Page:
Scientists find way to charge and power electronic devices wirelessly
Scientists have discovered how to ‘beam’ power across a room to light up a light bulb or power just about any other electronic device without wires. The team from Massachusetts Institute of Technology (MIT) was able to beam power 7 ft to light up a 60-watt light bulb. The team calls the invention ‘WiTricity’.
Transfering power without cables is not a new idea; scientists have known for almost two hundred years that it is possible. Transferring power over large distances is not possible however. According to the scientists it only works up to 9 ft away. It is believed by the scientists that the technology could charge a device several yards away. The receiver and transmitter do not have to be in view of each other for this to work.
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As far as safety concerns go, the scientists said that there is little to fear – magnetic fields interact weakly with living organisms and are unlikely to cause any significant side effects.
MSI notebook features Turbo overclock button
MSI at Computex 2007 showed off their 5.7 pound GX600 gaming notebook, which features a ‘Turbo’ button. When plugged into AC power, pushing the Turbo button turns on Acceleration mode, which increases the processor’s FSB speed by 20%. Pushing the button again returns the processor to stock clocks.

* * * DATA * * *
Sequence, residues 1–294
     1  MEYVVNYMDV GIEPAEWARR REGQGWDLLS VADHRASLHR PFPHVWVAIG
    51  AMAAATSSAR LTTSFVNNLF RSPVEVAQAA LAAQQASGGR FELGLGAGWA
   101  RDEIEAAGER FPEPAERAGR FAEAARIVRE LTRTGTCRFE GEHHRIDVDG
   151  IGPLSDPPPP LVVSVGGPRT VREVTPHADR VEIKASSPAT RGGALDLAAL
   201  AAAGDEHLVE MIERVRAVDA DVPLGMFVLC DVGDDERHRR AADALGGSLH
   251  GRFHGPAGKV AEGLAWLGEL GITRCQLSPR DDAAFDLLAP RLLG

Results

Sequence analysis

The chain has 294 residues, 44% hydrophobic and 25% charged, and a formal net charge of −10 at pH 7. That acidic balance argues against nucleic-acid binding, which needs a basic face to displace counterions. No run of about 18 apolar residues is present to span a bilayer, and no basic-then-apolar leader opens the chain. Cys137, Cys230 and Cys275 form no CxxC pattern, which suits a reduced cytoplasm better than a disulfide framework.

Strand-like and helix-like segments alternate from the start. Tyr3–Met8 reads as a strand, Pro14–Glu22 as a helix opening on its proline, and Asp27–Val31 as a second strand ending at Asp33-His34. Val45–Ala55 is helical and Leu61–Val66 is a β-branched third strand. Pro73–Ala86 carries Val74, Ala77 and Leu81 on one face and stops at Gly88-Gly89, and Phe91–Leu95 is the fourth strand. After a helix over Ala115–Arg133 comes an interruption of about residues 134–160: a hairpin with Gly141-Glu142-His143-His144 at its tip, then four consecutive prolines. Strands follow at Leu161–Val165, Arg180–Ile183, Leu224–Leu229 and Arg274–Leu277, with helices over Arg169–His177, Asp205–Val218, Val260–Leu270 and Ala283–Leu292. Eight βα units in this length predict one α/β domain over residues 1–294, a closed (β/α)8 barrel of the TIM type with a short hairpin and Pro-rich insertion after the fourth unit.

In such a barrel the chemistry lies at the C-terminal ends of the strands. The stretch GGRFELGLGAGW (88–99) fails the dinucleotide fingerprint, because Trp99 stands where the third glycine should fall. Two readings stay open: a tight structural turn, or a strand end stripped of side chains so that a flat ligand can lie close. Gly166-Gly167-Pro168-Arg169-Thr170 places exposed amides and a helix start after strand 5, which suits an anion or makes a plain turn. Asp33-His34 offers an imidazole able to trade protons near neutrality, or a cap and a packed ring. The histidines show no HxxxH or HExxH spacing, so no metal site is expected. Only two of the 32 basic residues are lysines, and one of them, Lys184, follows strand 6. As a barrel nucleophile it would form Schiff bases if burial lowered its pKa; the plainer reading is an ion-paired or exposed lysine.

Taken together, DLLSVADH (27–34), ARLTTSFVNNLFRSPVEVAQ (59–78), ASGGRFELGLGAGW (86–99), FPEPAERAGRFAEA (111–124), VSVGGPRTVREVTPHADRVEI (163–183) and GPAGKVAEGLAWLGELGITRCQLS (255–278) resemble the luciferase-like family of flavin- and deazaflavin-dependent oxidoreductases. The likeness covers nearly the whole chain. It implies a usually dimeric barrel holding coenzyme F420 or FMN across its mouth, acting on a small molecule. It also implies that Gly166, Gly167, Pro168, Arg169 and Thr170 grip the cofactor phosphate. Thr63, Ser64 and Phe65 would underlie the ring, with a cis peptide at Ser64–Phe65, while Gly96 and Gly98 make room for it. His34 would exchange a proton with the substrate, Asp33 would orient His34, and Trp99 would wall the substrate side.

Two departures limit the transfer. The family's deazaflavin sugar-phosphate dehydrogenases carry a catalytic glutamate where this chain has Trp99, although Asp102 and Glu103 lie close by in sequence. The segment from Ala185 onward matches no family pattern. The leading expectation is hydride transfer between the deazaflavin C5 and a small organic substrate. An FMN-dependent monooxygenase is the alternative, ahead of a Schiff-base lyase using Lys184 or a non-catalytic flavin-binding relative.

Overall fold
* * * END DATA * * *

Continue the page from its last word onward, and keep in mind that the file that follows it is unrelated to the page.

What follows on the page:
HP number one notebook brand in Europe
According to statistics from IDC, HP surpassed Acer in Q1 to become the number one notebook brand in Europe. HP shipped 1.38 million notebooks in Europe in Q1, a 53% on-year increase, compared to Acer’s 1.23 million. HP also beat Lenovo to number one in Asia as well.
ThinkPads power NBA statistis and media
Behind the scenes at the NBA Championships, staticians use Lenovo ThinkPad X60 Tablet PCs to log hundreds of game statistics. Michael Gliedman, the NBA’s CIO, says that “There are more reporters and higher viewership. We need technology that’s going to withstand this and Lenovo does the trick.” When asked about how the Lenovo X60s improves the statician’s jobs, he said "We have had touch-screens in the past, but until now it was always third party. The statisticians like the experience much better.”
Referees also make good use of the ThinkPads, working with the NBA’s Precision Timing System to log events, such as whistle blows. The NBA hopes that the new technologies improve the fan’s viewing experiences.